Yes, most notably the U.K. Strict laws there classify the scooters as motor vehicles that require drivers’ licenses and are subject to tax and insurance. In March, the U.K. government opened a major review of current mobility laws -- including some that date back to 1835 -- during which the ban on e-scooters will be reconsidered. But the restrictive laws have not stopped Brits from joining in on the micro-mobility craze. Privately owned electric scooters are widely used in cities such as London, despite riders risking fines and penalty points on their driving licenses if stopped by the police. Stand-up e-scooters have also been banned on roads in major Chinese cities like Shanghai and Beijing since 2016, but they are still prevalent in “closed spaces” such as parks. Scooter manufacturing is a booming industry in China; that’s where the vast majority of e-scooters used globally are made.

6. Is this a profitable business?

No, but investors think it can be: The valuations of Bird and Lime are almost $2.5 billion each. But skepticism is warranted. It could be just a fad. Even if it isn’t, scooter companies must have the capital to absorb costs beyond acquiring fleets of vehicles, including maintaining them and charging their batteries daily. There’s little reason for riders to be loyal to one company, and if rivals compete by lowering prices, they could shave away much of their margins. Lime has said it can raise revenue from advertising, but this is an untested idea. Scooters could end up being one option in an integrated transportation service providing everything from short-term car rentals and bike-shares to ride-hailing and train tickets, putting the upstarts at a disadvantage to Uber, which is moving in this direction.

7. Are they safe?

Some officials worry they are not. Safety concerns are prompting bans in several cities around the world and are also making lawmakers hesitant to legalize e-scooters in certain countries and states. A number of fatal accidents involving scooters have renewed concerns about their safety. A YouTube star was killed in London in July after her privately owned scooter was hit by a truck, making her the first person in the U.K. to die while riding one. Some U.S. officials have also cited safety concerns in their opposition to electric scooters. Nashville’s mayor said in June that he would recommend banning them after a 26-year-old resident died in a scooter accident, and Chattanooga, Tennessee, banned dockless electric scooters and bikes for six months in July. The public health impact from electric scooters is “generally unknown,” according to the Centers for Disease Control and Prevention, or CDC. But Consumer Reports reported in February that there have been about 1,500 incidents of people seeking treatment for e-scooter-related injuries in the U.S. since late 2017. A study of medical records by the CDC of people who used emergency services from September to November in Austin, Texas, also found that almost half of scooter-related injuries were “severe.”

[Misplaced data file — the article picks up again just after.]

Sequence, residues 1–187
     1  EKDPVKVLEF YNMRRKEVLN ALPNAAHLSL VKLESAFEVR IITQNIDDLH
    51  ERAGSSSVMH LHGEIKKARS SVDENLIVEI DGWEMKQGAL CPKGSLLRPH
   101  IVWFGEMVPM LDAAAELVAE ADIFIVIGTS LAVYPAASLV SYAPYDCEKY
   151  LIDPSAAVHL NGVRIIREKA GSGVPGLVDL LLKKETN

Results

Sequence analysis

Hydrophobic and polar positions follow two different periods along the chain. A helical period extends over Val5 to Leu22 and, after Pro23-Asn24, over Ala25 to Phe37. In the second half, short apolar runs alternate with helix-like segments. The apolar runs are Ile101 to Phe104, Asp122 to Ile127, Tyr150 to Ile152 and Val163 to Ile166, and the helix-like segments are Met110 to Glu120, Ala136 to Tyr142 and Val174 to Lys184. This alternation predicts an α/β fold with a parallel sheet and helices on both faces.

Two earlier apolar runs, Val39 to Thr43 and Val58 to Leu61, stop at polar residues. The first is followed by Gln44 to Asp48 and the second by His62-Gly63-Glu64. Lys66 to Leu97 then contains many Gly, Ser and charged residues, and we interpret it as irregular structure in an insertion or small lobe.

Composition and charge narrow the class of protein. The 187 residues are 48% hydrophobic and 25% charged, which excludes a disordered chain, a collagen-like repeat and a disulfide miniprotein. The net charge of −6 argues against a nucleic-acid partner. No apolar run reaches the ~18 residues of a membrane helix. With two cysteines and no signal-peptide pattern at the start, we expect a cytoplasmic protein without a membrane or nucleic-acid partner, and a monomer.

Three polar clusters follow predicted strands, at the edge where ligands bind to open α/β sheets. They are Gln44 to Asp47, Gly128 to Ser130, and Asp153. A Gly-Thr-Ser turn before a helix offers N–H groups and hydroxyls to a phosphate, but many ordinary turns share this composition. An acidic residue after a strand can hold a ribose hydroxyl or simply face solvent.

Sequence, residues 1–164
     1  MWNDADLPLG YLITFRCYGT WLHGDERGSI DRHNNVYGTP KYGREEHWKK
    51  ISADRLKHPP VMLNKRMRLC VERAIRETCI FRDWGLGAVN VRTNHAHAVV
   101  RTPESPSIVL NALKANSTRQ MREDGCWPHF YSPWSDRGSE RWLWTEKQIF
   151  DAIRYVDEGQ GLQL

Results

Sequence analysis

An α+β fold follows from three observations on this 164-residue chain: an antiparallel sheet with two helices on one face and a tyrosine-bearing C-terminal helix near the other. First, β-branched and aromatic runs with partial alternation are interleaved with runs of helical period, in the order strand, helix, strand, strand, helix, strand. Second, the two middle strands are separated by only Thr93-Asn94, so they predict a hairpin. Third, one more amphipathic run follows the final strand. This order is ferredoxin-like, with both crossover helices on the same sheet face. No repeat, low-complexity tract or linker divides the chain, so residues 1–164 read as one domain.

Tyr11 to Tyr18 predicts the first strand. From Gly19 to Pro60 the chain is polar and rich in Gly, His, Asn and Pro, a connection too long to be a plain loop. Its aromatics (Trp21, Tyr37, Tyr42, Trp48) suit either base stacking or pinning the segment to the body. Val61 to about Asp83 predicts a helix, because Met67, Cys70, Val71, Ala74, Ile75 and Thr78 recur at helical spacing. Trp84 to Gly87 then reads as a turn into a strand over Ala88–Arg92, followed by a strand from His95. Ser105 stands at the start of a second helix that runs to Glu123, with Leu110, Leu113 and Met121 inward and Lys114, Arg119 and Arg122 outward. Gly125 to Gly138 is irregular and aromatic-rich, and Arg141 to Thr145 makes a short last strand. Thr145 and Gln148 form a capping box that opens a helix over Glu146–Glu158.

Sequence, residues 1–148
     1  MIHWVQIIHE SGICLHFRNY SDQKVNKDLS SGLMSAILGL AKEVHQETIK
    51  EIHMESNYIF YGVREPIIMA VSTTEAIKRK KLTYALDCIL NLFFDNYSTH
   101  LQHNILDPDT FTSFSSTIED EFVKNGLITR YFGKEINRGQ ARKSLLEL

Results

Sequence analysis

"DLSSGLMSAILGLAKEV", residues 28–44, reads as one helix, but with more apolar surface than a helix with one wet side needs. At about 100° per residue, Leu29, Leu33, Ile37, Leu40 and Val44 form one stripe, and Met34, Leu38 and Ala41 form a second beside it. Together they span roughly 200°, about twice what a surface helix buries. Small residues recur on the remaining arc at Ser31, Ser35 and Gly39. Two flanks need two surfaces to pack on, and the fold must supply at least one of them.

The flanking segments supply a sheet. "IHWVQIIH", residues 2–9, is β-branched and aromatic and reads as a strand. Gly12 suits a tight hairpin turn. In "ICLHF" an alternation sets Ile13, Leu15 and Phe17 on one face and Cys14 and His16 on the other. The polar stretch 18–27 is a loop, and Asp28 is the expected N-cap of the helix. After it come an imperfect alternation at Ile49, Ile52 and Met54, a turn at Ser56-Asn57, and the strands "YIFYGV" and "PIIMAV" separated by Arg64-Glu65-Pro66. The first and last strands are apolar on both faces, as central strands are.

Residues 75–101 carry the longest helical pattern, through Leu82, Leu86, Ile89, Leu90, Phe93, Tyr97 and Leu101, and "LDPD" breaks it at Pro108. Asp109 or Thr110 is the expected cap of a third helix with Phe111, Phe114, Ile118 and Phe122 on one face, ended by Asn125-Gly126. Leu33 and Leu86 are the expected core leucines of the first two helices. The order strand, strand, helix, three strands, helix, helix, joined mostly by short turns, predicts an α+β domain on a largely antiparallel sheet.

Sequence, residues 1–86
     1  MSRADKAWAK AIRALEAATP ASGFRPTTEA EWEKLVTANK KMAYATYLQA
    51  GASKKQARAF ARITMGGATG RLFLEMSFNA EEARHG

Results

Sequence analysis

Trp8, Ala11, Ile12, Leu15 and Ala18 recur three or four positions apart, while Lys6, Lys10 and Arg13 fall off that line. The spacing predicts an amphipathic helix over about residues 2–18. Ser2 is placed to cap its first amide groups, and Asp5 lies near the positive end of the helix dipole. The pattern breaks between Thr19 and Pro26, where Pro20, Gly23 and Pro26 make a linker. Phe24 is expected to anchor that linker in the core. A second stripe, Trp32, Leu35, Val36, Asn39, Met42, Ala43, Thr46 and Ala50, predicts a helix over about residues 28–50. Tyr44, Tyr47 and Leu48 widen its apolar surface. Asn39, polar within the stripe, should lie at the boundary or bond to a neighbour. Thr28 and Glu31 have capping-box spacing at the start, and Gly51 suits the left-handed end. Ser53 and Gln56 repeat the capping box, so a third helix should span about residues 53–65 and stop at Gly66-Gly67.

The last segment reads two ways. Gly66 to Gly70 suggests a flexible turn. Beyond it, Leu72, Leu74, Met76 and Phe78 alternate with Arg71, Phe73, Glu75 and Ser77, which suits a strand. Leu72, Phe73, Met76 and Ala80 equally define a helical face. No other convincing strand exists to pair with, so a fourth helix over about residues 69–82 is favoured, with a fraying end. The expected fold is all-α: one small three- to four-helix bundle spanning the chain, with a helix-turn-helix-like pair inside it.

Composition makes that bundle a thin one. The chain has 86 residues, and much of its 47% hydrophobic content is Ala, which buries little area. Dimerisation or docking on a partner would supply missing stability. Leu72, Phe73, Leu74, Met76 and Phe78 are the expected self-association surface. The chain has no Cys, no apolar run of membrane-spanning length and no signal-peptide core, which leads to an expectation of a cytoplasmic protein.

To contact the reporters on this story: Joshua Brustein in New York at jbrustein@bloomberg.net;Nate Lanxon in London at nlanxon@bloomberg.net;Simon Foy in London at sfoy8@bloomberg.net

To contact the editors responsible for this story: Mark Milian at mmilian@bloomberg.net, John O’Neil